Migrants from other parts of the republic, as has been noted before, settled Mexican towns along the border and then built the cities, becoming a goodly part of the countryside and creating urban cores across the region. That was the experience of my parents, who, driven out by tumultuous times in Mexico, traveled north and settled on the California side of the Mexican border. My father, when my mother died, returned home to Mexico, but the blood of my mother darkens the soil of California where she lies buried. In this part of the world, to quote Eleanor Roosevelt, we are all "fellow immigrants"—aside from the Indians, quickly displaced by Spaniards, Mexicans, and Americans alike. To talk of borderlands, no matter which side, without including Mexican migrants is nonsense; they are integral to the history and development of the region.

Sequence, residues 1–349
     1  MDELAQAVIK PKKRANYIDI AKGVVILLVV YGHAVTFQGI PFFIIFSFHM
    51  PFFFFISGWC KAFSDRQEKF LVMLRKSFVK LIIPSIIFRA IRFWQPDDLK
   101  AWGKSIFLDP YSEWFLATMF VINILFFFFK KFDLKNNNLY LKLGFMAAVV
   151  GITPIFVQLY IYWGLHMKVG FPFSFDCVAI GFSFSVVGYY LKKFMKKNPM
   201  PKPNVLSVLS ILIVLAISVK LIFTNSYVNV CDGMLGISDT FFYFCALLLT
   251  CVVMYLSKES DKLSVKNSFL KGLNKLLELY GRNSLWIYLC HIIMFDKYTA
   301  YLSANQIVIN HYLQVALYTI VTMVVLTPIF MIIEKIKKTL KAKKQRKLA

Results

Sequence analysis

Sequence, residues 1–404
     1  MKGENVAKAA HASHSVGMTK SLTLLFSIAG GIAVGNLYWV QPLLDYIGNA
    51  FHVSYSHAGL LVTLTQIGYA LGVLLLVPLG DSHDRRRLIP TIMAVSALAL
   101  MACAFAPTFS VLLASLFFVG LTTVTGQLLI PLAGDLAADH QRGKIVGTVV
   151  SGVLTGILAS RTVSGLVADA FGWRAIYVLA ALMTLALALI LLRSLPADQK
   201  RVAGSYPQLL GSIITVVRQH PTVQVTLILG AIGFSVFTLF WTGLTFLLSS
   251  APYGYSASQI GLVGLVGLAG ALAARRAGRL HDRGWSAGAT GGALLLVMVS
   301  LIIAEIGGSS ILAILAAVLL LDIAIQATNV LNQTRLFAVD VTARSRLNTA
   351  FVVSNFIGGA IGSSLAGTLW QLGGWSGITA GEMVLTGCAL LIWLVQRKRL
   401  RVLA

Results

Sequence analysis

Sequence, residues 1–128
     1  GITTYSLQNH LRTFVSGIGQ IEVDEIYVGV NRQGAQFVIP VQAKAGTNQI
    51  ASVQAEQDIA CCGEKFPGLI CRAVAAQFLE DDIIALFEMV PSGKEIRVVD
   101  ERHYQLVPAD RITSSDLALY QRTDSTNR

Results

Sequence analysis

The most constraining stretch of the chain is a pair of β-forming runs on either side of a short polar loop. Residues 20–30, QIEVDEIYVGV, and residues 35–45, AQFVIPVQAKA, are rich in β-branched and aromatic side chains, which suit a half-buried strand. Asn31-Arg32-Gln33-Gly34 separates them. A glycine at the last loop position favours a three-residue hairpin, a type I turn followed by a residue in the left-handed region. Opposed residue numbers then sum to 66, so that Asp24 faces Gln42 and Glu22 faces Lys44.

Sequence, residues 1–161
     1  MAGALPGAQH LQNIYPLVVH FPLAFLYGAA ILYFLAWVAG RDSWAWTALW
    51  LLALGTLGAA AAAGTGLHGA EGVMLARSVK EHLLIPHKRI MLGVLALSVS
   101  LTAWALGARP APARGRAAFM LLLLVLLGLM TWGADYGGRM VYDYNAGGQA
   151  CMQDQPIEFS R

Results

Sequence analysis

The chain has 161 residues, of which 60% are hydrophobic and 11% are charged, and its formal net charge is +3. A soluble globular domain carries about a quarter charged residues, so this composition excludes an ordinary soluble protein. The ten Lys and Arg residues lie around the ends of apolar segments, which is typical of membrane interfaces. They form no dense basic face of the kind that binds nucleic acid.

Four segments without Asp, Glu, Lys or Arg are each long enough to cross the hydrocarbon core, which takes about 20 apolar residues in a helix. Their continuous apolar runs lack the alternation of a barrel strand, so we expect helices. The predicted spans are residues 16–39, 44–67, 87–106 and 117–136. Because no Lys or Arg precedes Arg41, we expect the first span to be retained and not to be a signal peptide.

Today, on both sides of the international boundary, Mexican migrants dwell among us, too, because of developments that transformed the contours of the American Southwest, changing it from a place of idle lands and lonely cowboys, as yet untouched by the progress of the twentieth century, to one of commercial farms, factories, and big cities. The lure of dollar-paying jobs drew people to the Southwest and, similarly, to the Mexican border, where dependent growth took root, first because of American dry laws that transferred liquor and gambling south, followed by raucous years of drunken soldiers, sailors, and tourists bent on seeing "Old Mexico" and, finally, the arrival of assembly plants. Mexican urbanization, essentially a migrant phenomenon, occurred in response to changes north of the border during World War II, which transformed cities such as San Diego and El Paso, pulled into the vortex of the national economy, into dynamic metropolises. The coming of age of the American Southwest summoned an influx of job-hungry migrants to states such as